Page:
Have you seen the horses under the sea?

Knysna Seahorse Project

Sometimes, we don’t realise the curiosities that could be found right at our doorstep, all you must do is look.

If you ever find yourself around the Thesen Island Marina in Knysna, be sure to look out for a little boat chugging along with a couple of students and a pool net on board. They’re not there to scoop leaves out of the Marina, I’m afraid, but rather to look for an illusive little fish known as the Knysna seahorse (Hippocampus capensis).

Knysna Seahorse Project

Figure 1: David Taylor and Mark Hodgson on the RV Outeniqua, ready to commence with fieldwork!

These little fish are very special, not just because they are only found in three estuaries, the Knysna, Keurbooms, and Swartvlei, but also because seahorses are interesting in themselves. Like penguins, seahorses will mate for life, and the males are the ones who carry the young to term and give birth to the offspring. Now, these little guys are not all cute, especially if you’re a crab. The Knysna seahorse can camouflage into their background quite easily and so they often lie in wait, like a cat ready to pounce, for an unsuspecting crab to swim by… and because these seahorses don’t have stomachs, they have to eat constantly.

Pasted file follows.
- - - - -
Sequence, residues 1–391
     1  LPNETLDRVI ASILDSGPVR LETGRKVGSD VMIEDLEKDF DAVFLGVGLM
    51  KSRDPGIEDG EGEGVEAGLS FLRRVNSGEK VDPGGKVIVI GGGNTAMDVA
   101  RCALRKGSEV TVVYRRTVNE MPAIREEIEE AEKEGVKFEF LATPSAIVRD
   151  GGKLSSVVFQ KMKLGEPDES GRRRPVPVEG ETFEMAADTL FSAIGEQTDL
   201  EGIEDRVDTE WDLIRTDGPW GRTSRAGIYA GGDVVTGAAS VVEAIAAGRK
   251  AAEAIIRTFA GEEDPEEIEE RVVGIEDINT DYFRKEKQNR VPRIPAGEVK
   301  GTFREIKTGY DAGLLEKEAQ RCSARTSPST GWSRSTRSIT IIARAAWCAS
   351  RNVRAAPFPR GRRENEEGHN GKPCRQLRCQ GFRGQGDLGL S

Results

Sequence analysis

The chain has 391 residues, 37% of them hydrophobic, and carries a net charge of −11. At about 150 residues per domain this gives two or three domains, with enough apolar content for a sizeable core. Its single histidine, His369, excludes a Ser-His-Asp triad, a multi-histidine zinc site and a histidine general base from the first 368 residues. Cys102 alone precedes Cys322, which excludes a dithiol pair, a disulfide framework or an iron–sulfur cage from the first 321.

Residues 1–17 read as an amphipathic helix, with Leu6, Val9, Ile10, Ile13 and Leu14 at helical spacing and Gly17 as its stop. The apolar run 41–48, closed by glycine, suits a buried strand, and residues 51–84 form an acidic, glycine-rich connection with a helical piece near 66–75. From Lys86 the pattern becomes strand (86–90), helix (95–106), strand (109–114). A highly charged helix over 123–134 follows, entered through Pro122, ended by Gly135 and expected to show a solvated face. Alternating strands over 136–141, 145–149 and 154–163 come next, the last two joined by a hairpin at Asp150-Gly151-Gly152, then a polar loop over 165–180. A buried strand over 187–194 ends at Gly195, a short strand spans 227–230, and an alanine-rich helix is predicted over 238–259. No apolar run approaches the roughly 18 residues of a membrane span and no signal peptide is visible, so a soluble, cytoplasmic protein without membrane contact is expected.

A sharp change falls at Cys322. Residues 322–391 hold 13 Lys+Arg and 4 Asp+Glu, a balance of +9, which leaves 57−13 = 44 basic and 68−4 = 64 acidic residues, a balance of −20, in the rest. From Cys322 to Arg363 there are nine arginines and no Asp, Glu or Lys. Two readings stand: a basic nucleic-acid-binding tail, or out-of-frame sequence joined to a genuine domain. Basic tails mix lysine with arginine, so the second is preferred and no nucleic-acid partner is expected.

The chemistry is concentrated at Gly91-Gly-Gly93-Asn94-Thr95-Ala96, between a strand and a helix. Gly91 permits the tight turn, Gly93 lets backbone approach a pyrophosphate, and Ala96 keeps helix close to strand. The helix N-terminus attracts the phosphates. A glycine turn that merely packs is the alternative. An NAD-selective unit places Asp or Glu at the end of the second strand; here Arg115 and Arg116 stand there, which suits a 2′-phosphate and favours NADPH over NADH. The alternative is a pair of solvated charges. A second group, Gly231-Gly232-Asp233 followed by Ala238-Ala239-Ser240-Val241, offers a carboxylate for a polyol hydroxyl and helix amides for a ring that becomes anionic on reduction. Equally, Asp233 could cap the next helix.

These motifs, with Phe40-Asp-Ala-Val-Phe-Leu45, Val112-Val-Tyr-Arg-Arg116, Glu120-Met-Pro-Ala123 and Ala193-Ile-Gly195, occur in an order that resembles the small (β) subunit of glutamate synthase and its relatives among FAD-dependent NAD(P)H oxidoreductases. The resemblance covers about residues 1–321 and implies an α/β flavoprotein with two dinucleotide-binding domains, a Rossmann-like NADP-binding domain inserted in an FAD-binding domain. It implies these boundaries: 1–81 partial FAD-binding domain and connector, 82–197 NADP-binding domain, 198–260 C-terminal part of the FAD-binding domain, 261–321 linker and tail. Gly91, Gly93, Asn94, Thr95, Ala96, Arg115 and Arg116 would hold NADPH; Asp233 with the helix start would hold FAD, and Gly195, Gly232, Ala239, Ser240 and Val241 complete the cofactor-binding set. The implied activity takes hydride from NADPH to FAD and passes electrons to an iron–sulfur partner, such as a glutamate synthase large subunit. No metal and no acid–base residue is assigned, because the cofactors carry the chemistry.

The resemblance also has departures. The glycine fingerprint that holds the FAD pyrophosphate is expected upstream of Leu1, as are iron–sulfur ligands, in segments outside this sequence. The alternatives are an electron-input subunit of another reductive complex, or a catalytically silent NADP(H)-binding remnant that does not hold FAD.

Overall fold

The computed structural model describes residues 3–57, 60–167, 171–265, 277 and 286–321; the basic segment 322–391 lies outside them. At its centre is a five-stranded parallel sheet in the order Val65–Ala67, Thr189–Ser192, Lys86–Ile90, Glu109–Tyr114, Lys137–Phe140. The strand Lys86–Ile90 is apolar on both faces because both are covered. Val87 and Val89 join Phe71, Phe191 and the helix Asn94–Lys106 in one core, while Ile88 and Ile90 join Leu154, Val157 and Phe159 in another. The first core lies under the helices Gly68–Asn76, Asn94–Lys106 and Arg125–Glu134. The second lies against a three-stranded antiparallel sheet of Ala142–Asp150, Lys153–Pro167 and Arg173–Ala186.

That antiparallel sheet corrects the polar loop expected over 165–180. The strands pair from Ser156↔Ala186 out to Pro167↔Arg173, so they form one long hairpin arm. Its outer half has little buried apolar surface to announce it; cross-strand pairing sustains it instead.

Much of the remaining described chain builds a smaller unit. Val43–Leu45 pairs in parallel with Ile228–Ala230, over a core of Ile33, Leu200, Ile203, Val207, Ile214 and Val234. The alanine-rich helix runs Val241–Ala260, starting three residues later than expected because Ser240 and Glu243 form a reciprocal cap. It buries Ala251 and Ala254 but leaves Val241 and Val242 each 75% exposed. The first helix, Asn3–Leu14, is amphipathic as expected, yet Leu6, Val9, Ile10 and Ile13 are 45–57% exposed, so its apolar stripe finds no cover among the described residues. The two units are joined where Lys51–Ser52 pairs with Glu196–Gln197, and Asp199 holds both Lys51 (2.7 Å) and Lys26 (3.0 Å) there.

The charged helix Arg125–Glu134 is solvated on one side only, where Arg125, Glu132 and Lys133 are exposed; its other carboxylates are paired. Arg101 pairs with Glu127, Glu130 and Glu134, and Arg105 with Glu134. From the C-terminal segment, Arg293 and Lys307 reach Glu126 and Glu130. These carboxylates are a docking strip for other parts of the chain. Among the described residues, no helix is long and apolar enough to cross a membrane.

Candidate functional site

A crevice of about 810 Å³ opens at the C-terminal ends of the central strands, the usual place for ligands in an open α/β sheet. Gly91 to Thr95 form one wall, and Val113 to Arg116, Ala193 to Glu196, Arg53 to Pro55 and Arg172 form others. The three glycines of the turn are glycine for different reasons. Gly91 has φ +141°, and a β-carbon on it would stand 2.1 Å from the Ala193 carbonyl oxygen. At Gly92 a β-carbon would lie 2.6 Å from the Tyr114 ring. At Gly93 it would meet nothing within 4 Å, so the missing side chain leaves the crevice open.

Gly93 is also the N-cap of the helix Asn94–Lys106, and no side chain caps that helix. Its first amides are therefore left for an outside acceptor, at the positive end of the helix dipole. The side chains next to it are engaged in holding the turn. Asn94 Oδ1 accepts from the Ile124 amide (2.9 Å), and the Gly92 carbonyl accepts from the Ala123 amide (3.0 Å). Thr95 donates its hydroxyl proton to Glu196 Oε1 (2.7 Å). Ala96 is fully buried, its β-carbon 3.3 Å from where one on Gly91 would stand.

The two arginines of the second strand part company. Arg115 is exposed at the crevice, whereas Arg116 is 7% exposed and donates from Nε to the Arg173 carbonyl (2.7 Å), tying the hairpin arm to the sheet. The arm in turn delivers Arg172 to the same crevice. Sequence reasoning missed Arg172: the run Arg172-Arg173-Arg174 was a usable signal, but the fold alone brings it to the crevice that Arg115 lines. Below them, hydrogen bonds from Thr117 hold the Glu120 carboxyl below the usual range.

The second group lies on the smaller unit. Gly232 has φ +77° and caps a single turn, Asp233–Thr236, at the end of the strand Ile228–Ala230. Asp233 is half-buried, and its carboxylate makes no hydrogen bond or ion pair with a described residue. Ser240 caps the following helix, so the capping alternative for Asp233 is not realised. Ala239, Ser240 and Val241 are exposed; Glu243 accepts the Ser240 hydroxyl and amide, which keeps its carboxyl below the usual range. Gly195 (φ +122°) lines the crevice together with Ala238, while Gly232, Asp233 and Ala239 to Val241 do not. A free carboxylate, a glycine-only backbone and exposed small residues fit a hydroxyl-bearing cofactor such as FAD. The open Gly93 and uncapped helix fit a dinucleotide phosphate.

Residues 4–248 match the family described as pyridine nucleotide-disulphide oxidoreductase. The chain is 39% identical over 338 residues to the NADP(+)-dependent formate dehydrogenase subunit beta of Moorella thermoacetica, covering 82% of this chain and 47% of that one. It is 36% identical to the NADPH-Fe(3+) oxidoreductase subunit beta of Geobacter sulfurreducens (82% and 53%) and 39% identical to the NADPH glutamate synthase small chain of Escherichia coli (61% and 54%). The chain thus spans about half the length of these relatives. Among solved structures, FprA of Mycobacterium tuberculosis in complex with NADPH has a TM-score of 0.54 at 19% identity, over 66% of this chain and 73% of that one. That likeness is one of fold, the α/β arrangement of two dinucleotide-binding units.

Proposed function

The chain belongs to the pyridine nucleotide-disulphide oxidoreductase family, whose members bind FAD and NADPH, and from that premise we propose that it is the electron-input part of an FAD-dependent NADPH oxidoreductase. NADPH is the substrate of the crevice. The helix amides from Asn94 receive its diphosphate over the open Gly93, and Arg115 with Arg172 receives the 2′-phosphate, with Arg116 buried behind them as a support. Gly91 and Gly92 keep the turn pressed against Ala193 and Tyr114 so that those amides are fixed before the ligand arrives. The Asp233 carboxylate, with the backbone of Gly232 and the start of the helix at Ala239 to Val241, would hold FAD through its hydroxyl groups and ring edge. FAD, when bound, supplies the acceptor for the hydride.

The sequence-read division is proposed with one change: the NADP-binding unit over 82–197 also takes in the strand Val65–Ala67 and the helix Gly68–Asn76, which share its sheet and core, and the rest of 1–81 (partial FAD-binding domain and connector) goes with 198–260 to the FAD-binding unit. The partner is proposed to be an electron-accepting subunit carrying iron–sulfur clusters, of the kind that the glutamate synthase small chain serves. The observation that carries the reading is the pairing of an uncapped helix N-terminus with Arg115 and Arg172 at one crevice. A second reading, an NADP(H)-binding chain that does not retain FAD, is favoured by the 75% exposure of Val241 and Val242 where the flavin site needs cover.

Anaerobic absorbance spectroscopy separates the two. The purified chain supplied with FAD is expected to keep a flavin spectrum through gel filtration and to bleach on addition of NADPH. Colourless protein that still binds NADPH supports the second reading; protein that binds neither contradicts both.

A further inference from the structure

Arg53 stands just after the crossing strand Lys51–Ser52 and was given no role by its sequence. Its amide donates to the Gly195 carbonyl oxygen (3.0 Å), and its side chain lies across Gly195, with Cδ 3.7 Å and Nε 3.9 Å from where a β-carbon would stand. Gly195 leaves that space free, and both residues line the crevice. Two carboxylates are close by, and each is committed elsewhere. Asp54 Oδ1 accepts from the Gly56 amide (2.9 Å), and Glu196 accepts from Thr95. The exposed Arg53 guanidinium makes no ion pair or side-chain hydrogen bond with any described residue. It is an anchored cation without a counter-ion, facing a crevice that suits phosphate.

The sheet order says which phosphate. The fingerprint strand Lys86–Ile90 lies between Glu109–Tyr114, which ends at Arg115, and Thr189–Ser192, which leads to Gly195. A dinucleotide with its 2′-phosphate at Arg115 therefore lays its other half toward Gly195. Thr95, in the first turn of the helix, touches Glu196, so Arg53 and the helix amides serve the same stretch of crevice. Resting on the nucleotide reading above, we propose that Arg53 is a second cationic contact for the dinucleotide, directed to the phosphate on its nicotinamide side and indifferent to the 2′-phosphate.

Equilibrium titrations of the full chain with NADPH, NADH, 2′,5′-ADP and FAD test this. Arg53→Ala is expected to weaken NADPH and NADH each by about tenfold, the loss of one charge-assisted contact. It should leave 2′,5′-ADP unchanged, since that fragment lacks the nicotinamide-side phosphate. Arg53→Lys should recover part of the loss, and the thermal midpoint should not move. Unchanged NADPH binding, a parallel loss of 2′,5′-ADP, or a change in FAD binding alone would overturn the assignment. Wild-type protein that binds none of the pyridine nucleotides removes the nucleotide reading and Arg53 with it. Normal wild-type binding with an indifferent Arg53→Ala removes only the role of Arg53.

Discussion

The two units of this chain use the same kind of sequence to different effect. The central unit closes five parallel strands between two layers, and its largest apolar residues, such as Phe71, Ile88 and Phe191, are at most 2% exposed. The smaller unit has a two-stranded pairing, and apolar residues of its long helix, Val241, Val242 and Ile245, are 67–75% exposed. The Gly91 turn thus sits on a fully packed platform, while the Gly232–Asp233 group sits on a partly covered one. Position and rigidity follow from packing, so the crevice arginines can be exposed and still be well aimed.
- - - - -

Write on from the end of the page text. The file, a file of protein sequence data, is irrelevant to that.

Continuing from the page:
Knysna Seahorse Project

Figure 2: A juvenile Knysna seahorse found during our fieldwork.

Considering these unique creatures, it is vital to protect them and to ensure that the population is healthy. The Knysna seahorse was the first seahorse species to be classified as ‘endangered’ by the International Union for the Conservation of Nature (IUCN). This is because seahorses are highly affected by human activity in their habitat. The decline of the Knysna seahorse population is often due to construction on estuary banks, deteriorating water quality and habitat loss.

Knysna Seahorse Project

Figure 3: Some of the other interesting critters that can be found in Thesen Islands Marina.

Montitoring of seahorses within Thesen Islands Marina commenced in 2015 as part of the Knysna Seahorse Status project.  Cassandra Barker from Rhodes University in association with Louw Claassens of the Knysna Basin Project will continue with this programme for 2018.  Cassandra is completing her Honours degree in Marine Biology and chose this project as one of her focuses for her degree. She uses the pool net to scoop up Codium tenue, a spongy green alga, to sort through to find the seahorses. She, with the help of volunteers, has found quite a few seahorses and other curious creatures, like cushion starfish, pipefish, nudibranchs and shaggy seahares, living in the Marina.

Post written by Cassandra Barker